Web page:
obtained in patients with inferior infarction
• There has been a case report of a woman with an acute anterior
MI in whom the initial ECG revealed a small R wave in leads
V1 and V4.
• These R waves were replaced by Q waves after the
development of RBBB associated with PR-interval
• The coexistence of left anterior fascicular block with or
without RBBB can be associated with Q waves suggestive of
an anterior MI; in this setting, the altered initial vector is
attributed to the left anterior fascicular block .
– These Q waves can often be distinguished from pathologic Q waves in
an acute MI by their short duration (0.02 sec versus 0.04 to 0.05 sec
with an infarction) and their presence in only leads V2 and/or V3.
• A new posterior wall infarct in the presence of RBBB might
be expected to increase the anterior forces in the right
precordial leads but this has not been systematically studied.
• RBBB-Non-Q wave MI —
• There may be some diagnostic difficulties in interpreting the
ECG in patients with RBBB who have a non-Q wave MI.
– RBBB is typically associated with secondary ST-T changes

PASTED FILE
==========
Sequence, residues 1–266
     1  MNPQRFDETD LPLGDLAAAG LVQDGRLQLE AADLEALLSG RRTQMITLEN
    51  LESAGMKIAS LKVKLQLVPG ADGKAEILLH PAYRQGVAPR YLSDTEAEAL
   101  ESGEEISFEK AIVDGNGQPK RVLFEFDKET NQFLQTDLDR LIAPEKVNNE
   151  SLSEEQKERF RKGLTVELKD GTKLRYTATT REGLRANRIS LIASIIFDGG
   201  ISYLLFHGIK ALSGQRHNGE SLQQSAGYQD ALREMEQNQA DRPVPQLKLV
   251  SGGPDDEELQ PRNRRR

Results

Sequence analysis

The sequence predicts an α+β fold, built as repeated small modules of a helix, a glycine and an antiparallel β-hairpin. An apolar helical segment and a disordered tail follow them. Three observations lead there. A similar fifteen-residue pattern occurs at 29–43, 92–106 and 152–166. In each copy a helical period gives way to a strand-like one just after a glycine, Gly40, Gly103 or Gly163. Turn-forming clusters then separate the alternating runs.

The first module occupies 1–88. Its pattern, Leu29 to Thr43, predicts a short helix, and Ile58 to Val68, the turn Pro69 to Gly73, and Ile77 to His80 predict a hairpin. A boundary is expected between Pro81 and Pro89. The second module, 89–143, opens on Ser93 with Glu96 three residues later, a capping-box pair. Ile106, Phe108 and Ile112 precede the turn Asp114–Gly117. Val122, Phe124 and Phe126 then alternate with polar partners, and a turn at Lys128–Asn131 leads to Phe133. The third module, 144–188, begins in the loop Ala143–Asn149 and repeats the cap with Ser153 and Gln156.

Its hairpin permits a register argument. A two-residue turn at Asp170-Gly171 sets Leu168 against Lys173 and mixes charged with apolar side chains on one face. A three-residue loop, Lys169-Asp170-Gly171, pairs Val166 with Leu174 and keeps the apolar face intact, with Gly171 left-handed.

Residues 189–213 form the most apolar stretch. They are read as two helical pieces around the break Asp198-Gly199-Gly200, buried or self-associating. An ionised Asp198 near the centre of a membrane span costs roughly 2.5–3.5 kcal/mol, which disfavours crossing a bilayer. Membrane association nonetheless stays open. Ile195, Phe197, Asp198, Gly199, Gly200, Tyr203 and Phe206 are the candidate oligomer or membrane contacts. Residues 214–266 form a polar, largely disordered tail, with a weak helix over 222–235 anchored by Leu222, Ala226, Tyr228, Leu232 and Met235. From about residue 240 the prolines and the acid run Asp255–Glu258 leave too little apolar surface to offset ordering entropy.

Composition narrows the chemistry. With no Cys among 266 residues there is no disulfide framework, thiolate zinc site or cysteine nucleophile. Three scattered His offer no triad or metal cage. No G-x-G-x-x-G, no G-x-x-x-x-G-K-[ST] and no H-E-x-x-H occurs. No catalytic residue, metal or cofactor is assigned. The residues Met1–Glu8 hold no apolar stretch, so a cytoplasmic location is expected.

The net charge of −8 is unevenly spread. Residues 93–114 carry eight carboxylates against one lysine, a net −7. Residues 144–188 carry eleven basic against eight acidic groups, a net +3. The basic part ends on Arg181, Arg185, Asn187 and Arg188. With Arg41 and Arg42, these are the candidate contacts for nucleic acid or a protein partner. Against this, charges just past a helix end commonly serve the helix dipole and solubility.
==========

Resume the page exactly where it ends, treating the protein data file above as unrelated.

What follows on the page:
due to abnormal right ventricular repolarization.
– Thus, leads with an R' wave (leads V1, V2, and sometimes
V3) will show T wave inversions.
– In contrast, ST depressions or T wave inversions in leads
with a terminal S wave (leads V5 and V6) cannot be
attributed to the RBBB alone.
– Such ST-T changes may be due to ischemia, or to other
factors such as drug effects or electrolyte abnormalities
• The proportion of patients with LBBB and acute chest pain
having an acute MI in different studies has been between 13 to
• As a result, inaccurate diagnosis can lead to both
undertreatment and unnecessary overtreatment of patients.
• In one report, for example, thrombolysis was given to only 73
percent with LBBB and an acute MI and to 48 percent of
patients with LBBB and chest pain but no biochemical
evidence of infarction.
• In addition to difficulties in ECG interpretation, approximately
one-half of patients with LBBB and an acute MI do not have
chest pain .
• These patients are much less likely to receive appropriate
medical therapy (eg, aspirin, beta blockers) or reperfusion
• LEFT BUNDLE BRANCH BLOCK WITH MI —
• Left bundle branch block (LBBB) is present in approximately
7 percent of acute infarctions .